Let’s start by explaining what an MVP actually is. A minimum viable product (MVP) is a term used to describe the first draft of a product, whose purpose is testing. Minimum means that the product needs to have a minimum amount of features and has to be working on a minimum level. On the technical side, MVP doesn’t need to be aesthetically pleasing nor cool. It has to be a snippet of its full potential, so when developing MVP it’s advised to focus on the most important feature (or features) that will make your product stand out. Product differentiators, if you will.
Let’s say you’ve got a brilliant idea. Now there’s a lot of work ahead of you. The first important question is: does your idea provide a solution to a real-life problem? If the answer is yes, then you’re on the right track. Think deeply about your potential customers - would they really need your product? How would they benefit from it? You need to write all of these ideas down - the more, the better. It’ll be useful in the development stage.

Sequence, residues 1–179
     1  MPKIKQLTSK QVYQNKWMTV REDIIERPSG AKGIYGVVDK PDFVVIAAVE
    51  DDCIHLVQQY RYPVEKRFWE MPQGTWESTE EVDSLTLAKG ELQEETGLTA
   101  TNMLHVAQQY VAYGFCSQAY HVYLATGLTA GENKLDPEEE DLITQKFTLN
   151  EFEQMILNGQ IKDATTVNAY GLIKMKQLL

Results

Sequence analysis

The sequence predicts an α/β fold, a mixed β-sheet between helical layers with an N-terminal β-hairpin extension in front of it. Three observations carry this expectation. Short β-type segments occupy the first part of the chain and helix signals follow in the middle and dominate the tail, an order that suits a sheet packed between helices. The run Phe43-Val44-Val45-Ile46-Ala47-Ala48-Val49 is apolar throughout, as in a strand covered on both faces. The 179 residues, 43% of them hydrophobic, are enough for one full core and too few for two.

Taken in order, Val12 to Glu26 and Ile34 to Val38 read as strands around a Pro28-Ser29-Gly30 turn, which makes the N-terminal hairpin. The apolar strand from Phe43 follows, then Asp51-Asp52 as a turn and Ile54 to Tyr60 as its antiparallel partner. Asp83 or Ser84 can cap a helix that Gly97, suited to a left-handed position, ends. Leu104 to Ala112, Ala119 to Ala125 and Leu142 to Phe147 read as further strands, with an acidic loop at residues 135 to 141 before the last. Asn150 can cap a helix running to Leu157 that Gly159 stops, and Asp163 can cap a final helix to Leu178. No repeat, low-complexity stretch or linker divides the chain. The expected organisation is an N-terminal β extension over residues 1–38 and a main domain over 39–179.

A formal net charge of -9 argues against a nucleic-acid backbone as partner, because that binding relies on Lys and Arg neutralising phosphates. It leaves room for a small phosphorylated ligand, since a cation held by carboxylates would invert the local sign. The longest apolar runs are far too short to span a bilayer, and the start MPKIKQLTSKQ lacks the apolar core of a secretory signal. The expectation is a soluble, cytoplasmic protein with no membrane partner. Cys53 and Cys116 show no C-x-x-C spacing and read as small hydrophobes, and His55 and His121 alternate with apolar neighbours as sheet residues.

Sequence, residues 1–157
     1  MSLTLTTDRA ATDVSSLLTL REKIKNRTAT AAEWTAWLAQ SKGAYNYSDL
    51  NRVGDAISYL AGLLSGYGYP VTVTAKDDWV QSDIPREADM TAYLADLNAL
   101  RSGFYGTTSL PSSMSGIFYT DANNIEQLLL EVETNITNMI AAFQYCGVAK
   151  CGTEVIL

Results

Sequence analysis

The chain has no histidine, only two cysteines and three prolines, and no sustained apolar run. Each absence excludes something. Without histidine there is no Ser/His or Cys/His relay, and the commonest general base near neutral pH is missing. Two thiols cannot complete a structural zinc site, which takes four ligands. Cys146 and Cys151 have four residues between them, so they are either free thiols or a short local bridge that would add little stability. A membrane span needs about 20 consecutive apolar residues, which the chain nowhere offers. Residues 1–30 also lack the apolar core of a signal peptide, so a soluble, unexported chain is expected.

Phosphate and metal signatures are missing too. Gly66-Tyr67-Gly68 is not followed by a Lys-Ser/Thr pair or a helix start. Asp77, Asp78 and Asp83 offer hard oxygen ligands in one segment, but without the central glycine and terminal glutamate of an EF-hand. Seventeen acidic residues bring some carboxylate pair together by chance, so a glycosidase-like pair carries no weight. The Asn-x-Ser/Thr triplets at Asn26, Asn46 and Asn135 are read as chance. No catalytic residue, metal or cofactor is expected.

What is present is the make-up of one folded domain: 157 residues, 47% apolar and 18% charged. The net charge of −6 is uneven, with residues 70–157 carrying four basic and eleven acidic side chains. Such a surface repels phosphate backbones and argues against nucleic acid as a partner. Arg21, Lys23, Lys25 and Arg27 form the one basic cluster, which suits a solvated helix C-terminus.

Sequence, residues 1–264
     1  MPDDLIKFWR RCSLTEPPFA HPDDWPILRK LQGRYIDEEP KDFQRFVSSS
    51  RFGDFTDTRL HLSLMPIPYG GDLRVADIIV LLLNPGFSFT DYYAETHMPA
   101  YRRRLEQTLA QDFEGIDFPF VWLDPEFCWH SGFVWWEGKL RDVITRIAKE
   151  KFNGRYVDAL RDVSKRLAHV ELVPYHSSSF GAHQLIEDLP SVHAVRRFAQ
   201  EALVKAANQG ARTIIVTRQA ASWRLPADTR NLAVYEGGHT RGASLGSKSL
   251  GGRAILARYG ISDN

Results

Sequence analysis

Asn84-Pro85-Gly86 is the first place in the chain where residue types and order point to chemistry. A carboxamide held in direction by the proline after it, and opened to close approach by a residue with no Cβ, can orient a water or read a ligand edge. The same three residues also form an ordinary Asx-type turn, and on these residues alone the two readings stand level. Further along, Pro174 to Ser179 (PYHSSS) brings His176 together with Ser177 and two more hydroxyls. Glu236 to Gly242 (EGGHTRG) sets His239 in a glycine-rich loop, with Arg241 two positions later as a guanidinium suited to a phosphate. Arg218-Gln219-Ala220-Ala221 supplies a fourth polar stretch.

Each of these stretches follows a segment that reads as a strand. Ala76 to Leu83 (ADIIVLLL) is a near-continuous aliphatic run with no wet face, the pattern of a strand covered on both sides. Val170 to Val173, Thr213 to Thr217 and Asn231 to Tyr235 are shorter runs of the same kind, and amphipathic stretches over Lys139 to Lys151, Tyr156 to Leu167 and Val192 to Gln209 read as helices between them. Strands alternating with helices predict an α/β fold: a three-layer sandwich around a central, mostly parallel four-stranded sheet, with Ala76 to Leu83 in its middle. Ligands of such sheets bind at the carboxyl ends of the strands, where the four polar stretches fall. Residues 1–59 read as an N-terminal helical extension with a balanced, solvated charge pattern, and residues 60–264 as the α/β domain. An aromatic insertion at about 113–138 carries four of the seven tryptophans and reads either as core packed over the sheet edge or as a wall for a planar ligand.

It’s definitely better and more common to use outsourcing when developing your MVP. At the start of your startup, you’re probably dealing with a tight budget. Hiring an in-house team of developers would drain your finances. But the biggest advantage of having a dedicated software house for your project is that you gain skilled specialists that can help you with business strategy, market analysis, and prospects. With their insight, your MVP has a much better chance of being successful.
Before you start hiring people for the development of your MVP, you need to establish your budget. Some MVPs are cheap because they’re made like landing pages and their functions are limited only to signing up. These types of MVPs can work for some occasions i.e. with a limited budget and a small number of functions. On the other hand, there are MVPs that are almost as good as the final product only lacking final adjustments.
If you’re trying to test out your idea, which is the actual purpose of any MVP, you don’t need to splurge on it. Be rational. At the end of the day the startup way of doing business is all about small steps and making improvements. So it’s definitely better to release a limited but functional and ready for improvement MVP than to release an expensive app without testing it and fail in the beginning.
The development process of an MVP can take up to three months, depending on the complexity of the project and the abilities of your team. However, the goal of this process is to deliver as fast as possible. After all, you want to start testing ASAP.